Title

Neurologic outcomes following the introduction of a policy for using soft cervical collars in suspected traumatic cervical spine injury: A retrospective chart review

RIS ID

145962

Publication Details

Asha, S., Curtis, K., Healy, G., Neuhaus, L., Tzannes, A. & Wright, K. (2020). Neurologic outcomes following the introduction of a policy for using soft cervical collars in suspected traumatic cervical spine injury: A retrospective chart review. EMA - Emergency Medicine Australasia,

Abstract

© 2020 Australasian College for Emergency Medicine Objective: In trauma patients with potential cervical spine injury, immobilisation with a rigid cervical collar is widely recommended to prevent a secondary spinal cord injury. There is a lack of evidence for the effectiveness of this practice, but increasing evidence for complications from rigid collars. Soft foam collars may mitigate some of these issues and are used in our health service in place of rigid collars in selected patients at risk for traumatic cervical spine injury. The objective of the present study was to describe the neurological outcome of patients according to the cervical stabilisation technique used. Methods: A multi-centre, retrospective, consecutive, case series of all patients assessed for a traumatic cervical spine injury from October 2017 to July 2018 was conducted. Data were obtained by a medical chart review. The primary outcome was the development of a new neurological deficit because of spinal cord injury while in hospital. Results: Inter-rater reliability of data abstraction demonstrated very strong agreement (kappa 0.85, 95% confidence interval 0.80–0.90). Of 2036 patients, 1133 were managed in a soft collar. A new neurological deficit because of spinal cord injury developed in two patients managed in a rigid collar. One case managed in a soft collar was uncertain because of an incomplete baseline neurological examination. Conclusion: The use of soft foam cervical collars in patients at risk for a cervical spine injury does not appear to increase the risk for secondary spinal cord injury but larger prospective studies are required before a robust conclusion on safety can be claimed.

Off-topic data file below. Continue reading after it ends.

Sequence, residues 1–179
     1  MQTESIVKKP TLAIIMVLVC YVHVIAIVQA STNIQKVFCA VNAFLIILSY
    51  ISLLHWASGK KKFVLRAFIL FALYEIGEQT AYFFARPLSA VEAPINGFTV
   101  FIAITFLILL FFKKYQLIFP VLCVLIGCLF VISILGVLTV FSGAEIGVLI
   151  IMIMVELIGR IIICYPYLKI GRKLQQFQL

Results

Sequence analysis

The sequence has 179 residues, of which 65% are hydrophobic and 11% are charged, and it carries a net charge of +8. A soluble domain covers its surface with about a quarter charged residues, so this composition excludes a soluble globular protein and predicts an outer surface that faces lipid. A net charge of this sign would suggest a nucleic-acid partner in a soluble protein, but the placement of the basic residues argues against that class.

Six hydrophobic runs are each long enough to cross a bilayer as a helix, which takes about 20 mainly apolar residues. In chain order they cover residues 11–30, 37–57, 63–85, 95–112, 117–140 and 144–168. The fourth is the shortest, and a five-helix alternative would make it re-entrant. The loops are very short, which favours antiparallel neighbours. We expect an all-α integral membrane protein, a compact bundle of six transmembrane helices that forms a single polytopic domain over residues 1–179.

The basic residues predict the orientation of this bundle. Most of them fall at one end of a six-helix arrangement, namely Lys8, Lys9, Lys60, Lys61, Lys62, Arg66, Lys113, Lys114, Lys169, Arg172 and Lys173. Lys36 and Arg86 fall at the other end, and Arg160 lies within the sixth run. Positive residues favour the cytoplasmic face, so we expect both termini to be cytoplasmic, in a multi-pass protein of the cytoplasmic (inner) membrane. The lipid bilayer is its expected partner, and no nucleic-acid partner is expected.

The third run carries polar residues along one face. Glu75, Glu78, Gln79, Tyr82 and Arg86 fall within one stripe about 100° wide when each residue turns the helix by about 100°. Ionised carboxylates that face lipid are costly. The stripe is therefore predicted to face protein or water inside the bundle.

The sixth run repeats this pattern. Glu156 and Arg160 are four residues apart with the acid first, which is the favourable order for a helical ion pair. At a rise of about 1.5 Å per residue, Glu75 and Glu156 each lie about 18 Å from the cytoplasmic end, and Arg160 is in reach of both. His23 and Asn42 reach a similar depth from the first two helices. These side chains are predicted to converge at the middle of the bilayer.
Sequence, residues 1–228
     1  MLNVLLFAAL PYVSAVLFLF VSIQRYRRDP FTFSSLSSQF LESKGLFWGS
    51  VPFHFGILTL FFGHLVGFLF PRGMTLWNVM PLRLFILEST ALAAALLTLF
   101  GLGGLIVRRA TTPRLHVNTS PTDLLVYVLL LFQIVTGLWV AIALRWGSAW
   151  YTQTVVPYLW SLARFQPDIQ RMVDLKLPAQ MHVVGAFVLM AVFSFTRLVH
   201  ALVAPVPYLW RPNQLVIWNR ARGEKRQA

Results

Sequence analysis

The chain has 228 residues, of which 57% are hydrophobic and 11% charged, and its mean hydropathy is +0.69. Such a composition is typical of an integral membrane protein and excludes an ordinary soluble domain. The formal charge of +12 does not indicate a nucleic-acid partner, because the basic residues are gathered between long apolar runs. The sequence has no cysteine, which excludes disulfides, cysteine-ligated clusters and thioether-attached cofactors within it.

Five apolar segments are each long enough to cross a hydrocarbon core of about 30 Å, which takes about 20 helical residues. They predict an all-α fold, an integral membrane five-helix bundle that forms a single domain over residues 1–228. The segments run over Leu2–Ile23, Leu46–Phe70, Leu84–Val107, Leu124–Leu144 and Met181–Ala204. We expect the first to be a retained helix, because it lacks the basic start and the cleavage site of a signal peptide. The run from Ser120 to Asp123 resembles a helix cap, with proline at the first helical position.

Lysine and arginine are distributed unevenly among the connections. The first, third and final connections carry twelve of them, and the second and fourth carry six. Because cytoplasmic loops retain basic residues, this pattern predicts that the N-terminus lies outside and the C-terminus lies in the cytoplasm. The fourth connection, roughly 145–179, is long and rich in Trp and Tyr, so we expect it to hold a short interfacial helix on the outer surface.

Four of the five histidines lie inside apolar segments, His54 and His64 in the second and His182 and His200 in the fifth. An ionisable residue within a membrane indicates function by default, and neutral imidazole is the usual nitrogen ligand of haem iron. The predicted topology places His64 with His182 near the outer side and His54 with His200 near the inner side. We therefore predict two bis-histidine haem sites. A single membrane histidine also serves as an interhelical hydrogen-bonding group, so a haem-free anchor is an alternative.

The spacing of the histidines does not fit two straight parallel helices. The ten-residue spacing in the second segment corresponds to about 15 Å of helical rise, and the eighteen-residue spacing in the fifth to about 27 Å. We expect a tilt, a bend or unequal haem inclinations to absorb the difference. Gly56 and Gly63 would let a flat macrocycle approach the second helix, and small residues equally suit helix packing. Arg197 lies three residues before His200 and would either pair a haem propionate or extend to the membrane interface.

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Link to publisher version (DOI)

http://dx.doi.org/10.1111/1742-6723.13646